Since giving up 85 points to Brown in its non-conference finale, the University of Rhode Island men’s basketball team has rediscovered its defensive identity in Atlantic 10 play, so much so that it has moved into rarefied air among its Keaney blue predecessors.

In an era that has featured Atlantic 10 regular-season and tournament titles and two NCAA Tournament trips, it’s this edition of the Rams that has come closest to matching the gold standard of defensive seasons for the defensive-minded program. URI is allowing .926 points per possession this season, the best mark since the 2014-15 team ranked 13th in the nation at .922.

“Defense wins games. Defense wins championships,” senior guard Jeff Dowtin said. “I think our defense contributes to our offense. The way we’ve been defending teams, checking ball screens, diving on loose balls, rebounding – I think we’re playing a great defensive game and that translates to our offense.”

The 2014-15 team delivered the first steps in URI’s arrival as an A-10 contender, going 23-10 and 13-5 in conference play en route to an NIT berth. Offense was often a struggle for those Rams, but the defense was one of the nation’s best. Efficient and more apt to play a slow, grinding style, URI allowed 60.2 points per game. Its season-high in points allowed was 76.

The current defensive stalwarts haven’t always looked the part. For one thing, they’re more willing to push the pace in a given game. URI gets about 71 possessions per game this year, compared to 66 in 2014-15, though the average number has climbed around college basketball since the switch to a shorter shot clock.

The 2014-15 team had an additional edge in 3-point defense, allowing just 3.5 per game at a 27 percent clip. Opponents currently make seven 3s per game at 30 percent.

There have also been outlier games, which have made it tougher for URI to pass the eye test. LSU scored 96 points on the Rams and West Virginia racked up 86.

Brown’s 85 was the last such big game, though, and the numbers haven’t lied in conference play. No one has gotten out of the 60s on the Rams, not even Richmond in URI’s lone A-10 loss.

“It’s a point of emphasis every day. It’s a part of our culture,” head coach David Cox said. “And we’re playing eight guys right now, so everybody kind of understands their role and understands what they need to do to stay on the floor. You’ve got to defend at a pretty high level and they’ve bought into that.”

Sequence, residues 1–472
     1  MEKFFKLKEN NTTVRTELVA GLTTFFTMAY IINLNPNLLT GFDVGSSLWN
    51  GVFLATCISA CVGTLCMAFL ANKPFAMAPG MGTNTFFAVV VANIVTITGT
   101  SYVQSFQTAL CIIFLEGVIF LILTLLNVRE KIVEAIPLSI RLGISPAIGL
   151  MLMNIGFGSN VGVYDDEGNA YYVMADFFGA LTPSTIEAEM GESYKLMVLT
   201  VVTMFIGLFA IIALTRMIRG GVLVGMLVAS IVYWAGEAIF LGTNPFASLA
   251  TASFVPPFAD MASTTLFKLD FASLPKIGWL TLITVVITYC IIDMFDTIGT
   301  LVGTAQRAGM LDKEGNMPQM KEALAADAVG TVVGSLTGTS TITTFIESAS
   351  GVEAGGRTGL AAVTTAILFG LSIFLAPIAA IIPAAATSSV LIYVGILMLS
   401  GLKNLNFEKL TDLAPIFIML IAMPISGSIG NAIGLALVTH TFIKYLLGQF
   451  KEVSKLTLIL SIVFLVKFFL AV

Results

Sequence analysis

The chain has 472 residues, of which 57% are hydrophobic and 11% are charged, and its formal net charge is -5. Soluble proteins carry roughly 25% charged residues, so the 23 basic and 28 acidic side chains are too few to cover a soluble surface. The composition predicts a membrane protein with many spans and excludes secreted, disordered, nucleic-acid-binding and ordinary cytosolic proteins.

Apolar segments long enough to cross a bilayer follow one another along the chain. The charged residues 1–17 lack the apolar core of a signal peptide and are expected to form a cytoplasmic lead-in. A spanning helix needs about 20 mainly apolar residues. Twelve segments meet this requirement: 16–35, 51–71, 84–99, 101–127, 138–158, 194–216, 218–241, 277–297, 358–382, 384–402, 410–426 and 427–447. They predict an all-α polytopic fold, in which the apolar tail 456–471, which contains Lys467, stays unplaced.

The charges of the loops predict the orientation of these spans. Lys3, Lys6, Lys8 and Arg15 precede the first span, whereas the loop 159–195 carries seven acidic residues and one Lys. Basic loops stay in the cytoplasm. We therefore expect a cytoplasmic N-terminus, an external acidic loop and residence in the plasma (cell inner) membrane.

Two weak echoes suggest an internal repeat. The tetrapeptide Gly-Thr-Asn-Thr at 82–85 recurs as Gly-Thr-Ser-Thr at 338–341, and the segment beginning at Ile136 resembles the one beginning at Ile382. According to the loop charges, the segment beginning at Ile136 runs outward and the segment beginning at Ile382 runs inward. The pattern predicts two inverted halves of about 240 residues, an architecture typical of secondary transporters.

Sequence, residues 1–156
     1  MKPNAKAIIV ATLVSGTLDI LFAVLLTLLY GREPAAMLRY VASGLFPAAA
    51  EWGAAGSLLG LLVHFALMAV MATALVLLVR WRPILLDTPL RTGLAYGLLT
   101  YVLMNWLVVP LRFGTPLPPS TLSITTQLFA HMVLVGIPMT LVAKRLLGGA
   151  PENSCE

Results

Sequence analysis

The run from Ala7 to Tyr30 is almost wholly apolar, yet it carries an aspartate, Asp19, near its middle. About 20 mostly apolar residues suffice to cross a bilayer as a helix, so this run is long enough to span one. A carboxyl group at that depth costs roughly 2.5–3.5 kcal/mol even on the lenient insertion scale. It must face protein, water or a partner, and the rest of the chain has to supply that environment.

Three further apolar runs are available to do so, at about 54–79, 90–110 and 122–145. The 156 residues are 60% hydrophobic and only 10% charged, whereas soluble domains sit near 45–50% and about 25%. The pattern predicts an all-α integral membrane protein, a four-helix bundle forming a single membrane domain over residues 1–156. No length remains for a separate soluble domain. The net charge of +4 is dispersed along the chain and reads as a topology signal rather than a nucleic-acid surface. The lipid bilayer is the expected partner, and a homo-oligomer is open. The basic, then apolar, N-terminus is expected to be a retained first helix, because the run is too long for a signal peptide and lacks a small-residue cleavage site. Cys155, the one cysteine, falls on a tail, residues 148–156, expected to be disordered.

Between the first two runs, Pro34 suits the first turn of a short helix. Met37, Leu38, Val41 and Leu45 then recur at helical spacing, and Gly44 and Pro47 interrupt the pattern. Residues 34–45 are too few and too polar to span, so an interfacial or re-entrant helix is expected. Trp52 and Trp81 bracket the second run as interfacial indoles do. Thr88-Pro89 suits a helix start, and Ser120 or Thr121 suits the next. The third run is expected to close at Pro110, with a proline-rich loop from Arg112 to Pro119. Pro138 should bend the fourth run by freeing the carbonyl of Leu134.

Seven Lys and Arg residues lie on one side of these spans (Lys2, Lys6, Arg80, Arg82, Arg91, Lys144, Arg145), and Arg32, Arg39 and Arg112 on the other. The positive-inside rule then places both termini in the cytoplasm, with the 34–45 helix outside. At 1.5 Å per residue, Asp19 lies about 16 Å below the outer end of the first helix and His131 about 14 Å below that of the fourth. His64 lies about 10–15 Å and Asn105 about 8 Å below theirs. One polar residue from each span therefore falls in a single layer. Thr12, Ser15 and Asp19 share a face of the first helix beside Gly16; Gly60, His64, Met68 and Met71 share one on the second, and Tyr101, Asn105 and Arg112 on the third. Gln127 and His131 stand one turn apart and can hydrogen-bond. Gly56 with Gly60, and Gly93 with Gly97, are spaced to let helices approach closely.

The Rams allowed 69 points in the loss to Richmond, then held Davidson and VCU in the 50s to jumpstart their longest win streak of the season. They’ve also shut down St. Joseph’s and La Salle.

URI ranks second in the league in points per game allowed in conference action. They’re also second in field-goal percentage and they lead the conference in steals. The desire to force turnovers is a notable difference from the 2014-15 team. That squad nabbed 6.5 steals per game, while this year’s team is at 9.2. Games in which URI has forced below its average in turnovers have been challenges. URI had only four steals in the loss to Richmond.

The 2014-15 Rams were more likely to block a shot than make a steal, with Hassan Martin as one of the nation’s leaders. If having a star provides the measuring stick, these Rams are just as good at swiping turnovers, with Fatts Russell ranking second nationally in steals per game.

“We pride ourselves on defense,” Russell said. “We look at ourselves as a defensive team, honestly. Every day, we come to practice and just focus on defense.”

The Rams hope their defense, like it did for their predecessors, propels them into a top-four spot in the A-10 standings – and then some.

“Just be consistent,” Dowtin said. “We’re on a three or four game winning streak. As long as we keep winning ball games, we’re going to put ourselves in a great situation for our goals in the future.”

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